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Rights + Justice

My Wife Is Disabled. BC Ferries Left Us Out to Sea

On a recent trip, we were told to leave our car and endure the COVID-19 carnival on the passenger deck. The risk was too high.

Shana Myara 13 Nov

Shana Myara is the director of the documentary Well Rounded and an award-winning fiction writer whose stories are featured in The Journey Prize: The Best of Canada's New Writers (McClelland & Stewart) and Coming Attractions (Oberon Press).

“Am I Too Embarrassed to Save My Life?” I think of this headline often, and of Jane Eaton Hamilton’s affecting essay for the New York Times in which Hamilton questions how bold they must be, daily, to save their own life. Because of their heart condition, they must restrict seemingly anodyne activities (that is, for the rest of us perhaps) such as walking to a restaurant or up flights of stairs.

How many times in a day, week, year must they convince people of their limits, and how many times do they end up pushing past them due to pressure or discomfort? Hamilton wonders: will it be embarrassment in the end that kills me?

In Hamilton’s case, it’s their heart. In my spouse Ellen’s case, it’s her lungs. Ellen’s condition has almost killed her several times. Dramatically, in Oxford when her lungs failed; in Texas when her small feet ballooned into a man’s size 13 in days. Strange things happen to sick bodies. There were other times. Now, in addition to her precarious health, there is the threat of COVID-19 literally in the air.

I think of embarrassment often nowadays, because of our caution. We’ve changed our lives dramatically since March. A member of Ellen’s health-care team reminded her, “Public health is not individual health. You can’t follow general guidelines. You need to be more careful.”

And so it was a big deal for us to finally agree to visit our family on Vancouver Island in October. We planned every aspect of the trip carefully. We’d drive over, we’d remain in our car on the ferry, we’d pack our own food, and so on.

Our plan was upended. We boarded the ferry and learned with a shock that the rule that had been relaxed to permit people to remain in their cars on BC Ferries was back in place.

In spring, Transport Canada had rightly lifted its requirement that passengers leave lower decks in a measure to support physical distancing and prevent transmission of COVID-19. But, as we learned, it was reinstated on Sept. 30.

This forces all passengers to gather — except for those on the open upper car deck who may remain in their vehicles — on a common deck after nearly 10 months of public health messaging urging us to refrain from large gatherings and to keep apart.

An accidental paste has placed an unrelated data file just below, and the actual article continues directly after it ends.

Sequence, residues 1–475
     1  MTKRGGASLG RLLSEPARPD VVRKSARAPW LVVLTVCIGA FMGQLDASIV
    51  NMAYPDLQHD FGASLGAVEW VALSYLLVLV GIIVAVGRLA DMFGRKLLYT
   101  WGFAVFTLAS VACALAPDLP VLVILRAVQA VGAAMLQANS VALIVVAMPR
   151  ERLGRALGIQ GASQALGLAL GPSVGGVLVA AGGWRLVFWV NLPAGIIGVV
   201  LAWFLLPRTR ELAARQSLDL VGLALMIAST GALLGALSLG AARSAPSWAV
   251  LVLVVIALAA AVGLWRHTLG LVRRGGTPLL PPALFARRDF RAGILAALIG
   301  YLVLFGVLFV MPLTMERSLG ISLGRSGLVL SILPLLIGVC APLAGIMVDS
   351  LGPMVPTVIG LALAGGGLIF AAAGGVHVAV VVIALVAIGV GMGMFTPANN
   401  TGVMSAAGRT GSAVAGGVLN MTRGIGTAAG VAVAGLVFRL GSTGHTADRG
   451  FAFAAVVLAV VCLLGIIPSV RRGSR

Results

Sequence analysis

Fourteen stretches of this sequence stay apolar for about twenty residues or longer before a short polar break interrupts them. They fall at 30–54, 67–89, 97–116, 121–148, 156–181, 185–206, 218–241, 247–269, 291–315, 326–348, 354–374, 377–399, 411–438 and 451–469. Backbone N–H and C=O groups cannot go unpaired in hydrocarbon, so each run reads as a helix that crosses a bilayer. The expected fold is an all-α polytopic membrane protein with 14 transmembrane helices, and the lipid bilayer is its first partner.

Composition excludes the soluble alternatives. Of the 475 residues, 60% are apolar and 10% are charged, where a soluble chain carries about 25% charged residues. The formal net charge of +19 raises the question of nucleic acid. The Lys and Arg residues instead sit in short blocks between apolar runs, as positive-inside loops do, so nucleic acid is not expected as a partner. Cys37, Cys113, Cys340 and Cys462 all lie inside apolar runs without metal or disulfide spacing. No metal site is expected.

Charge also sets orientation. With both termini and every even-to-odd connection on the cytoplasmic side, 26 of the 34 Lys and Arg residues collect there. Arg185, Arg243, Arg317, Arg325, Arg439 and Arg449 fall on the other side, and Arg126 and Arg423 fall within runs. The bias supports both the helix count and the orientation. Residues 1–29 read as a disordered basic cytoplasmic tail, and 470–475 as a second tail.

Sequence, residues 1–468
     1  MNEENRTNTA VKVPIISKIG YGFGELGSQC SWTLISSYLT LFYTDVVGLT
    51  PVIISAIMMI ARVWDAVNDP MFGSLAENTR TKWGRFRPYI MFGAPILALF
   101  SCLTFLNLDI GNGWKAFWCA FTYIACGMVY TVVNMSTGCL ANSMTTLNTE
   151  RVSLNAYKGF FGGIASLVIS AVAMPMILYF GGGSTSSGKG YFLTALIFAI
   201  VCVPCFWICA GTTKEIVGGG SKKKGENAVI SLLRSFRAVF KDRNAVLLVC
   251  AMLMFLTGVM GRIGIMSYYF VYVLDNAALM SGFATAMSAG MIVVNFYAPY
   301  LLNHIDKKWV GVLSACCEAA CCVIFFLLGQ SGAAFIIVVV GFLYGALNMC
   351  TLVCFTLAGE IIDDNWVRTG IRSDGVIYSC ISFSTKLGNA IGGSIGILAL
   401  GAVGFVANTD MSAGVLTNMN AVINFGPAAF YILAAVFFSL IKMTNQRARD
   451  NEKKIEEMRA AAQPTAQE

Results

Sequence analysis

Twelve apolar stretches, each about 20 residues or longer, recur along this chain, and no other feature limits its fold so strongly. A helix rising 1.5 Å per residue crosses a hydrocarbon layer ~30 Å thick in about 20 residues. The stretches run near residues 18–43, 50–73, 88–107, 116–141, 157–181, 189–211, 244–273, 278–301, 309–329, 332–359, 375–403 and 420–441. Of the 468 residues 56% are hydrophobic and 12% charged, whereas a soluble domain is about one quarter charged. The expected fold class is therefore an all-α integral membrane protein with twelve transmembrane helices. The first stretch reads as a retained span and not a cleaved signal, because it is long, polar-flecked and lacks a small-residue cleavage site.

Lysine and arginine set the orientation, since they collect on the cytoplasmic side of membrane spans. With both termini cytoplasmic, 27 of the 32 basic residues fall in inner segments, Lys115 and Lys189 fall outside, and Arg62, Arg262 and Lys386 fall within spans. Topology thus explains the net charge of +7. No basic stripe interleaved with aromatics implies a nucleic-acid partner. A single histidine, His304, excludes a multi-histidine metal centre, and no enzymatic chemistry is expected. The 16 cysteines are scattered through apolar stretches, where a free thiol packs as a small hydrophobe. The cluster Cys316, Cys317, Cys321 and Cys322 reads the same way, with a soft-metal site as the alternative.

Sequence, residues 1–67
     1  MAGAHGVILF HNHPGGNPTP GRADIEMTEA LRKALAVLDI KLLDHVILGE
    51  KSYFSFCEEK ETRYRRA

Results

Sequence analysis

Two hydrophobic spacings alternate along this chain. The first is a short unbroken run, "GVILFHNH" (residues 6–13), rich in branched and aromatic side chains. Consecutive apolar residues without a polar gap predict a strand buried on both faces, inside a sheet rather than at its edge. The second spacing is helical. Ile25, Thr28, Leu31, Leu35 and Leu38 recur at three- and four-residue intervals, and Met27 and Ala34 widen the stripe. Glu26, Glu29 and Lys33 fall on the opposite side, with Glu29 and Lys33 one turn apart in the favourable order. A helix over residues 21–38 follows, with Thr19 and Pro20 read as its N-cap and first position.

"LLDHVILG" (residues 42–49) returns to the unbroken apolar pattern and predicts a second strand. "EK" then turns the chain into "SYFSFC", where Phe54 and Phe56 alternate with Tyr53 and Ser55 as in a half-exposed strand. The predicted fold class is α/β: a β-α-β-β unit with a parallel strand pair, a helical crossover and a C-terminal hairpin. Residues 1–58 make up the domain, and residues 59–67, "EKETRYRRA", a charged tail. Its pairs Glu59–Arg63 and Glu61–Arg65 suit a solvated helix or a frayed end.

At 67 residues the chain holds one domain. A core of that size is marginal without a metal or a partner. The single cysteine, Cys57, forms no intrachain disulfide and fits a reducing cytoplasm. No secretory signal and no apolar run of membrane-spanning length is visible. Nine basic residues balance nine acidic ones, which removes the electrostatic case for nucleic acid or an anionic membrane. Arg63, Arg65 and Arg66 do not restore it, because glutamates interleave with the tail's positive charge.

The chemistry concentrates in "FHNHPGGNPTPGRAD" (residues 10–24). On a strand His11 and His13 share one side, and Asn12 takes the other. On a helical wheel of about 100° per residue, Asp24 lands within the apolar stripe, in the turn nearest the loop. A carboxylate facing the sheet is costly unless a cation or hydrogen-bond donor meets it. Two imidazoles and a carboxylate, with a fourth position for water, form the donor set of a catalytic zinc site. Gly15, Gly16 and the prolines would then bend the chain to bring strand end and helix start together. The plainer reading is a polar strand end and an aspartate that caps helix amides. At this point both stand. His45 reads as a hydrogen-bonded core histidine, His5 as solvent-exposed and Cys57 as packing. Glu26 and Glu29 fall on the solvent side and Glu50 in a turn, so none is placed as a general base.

Why, and why now? The reasoning has been communicated unevenly but has largely been relayed as a safety measure, in accordance with international marine law, in case of fire or issues with dangerous cargo, despite the competing safety concerns of the pandemic.

Premier John Horgan spoke out against the policy resurrection, vowing to keep pushing against what he called its “heavy handed” and “unwelcome intrusion” during COVID-19, but the policy remains in effect.

Worryingly, as of Nov. 7, RCMP travel on BC Ferries as its enforcers.

One frightful ferry

The Queen of Cowichan’s welcome message crackled over the loudspeakers. To our ears, the loudspeaker may as well have transmitted, “Now you must play Russian Roulette.”

We watch with alarm as people crowd towards the elevator, like they used to before COVID-19 times. We debate staying in our car anyway, but soon give in. We decide to take the stairs despite my partner’s broken-down knees, and despite what we had recently read about respiratory droplets remaining suspended in the air for 30 minutes.

The stairwell is a narrow, enclosed space. As we ascend, a man comes up behind us quickly. He’s not wearing a mask. Soon he’s inches, rather than feet, from me. “You’re not wearing a mask,” I declare/accuse him, and he responds by raising his hand and waggling the disposable mask in his grasp. He brushes past. By the time Ellen and I reach the main deck, we are rattled.

Melodramatic, right? Overreacting? Weak? Again, I think of Hamilton’s essay. Is it going to be following the rules that makes me a widow?

The deck is open and airy with plenty of spaces thoughtfully cordoned off to promote social distancing. Just kidding. There’s none of that.

We funnel through the carnival that is the passenger deck. The cafeteria lineup snakes around the deck from both entrances. We scrape against dozens of shoulders and backs along the tight passageway. There are so many naked faces in the cafeteria, eating, laughing, inhaling, exhaling. Several unmasked faces in the main seating areas for reasons I can’t guess. Many others who haven’t managed to cover their mask over their mouth and nose at the same time. We find no spot to settle that’s six feet or even a few feet from groups of people.

Embarrassed, we speak to each other in low tones. There is a close liveliness on this vessel that screams danger.

We elect to retreat to our car.

We are quite unprepared for what follows.

Let them wait

After our trip, I share our story with Ladysmith resident Troy Grant. Grant lives with a disability that affects his mobility. He is unable to sit or stand for more than a few minutes at a time.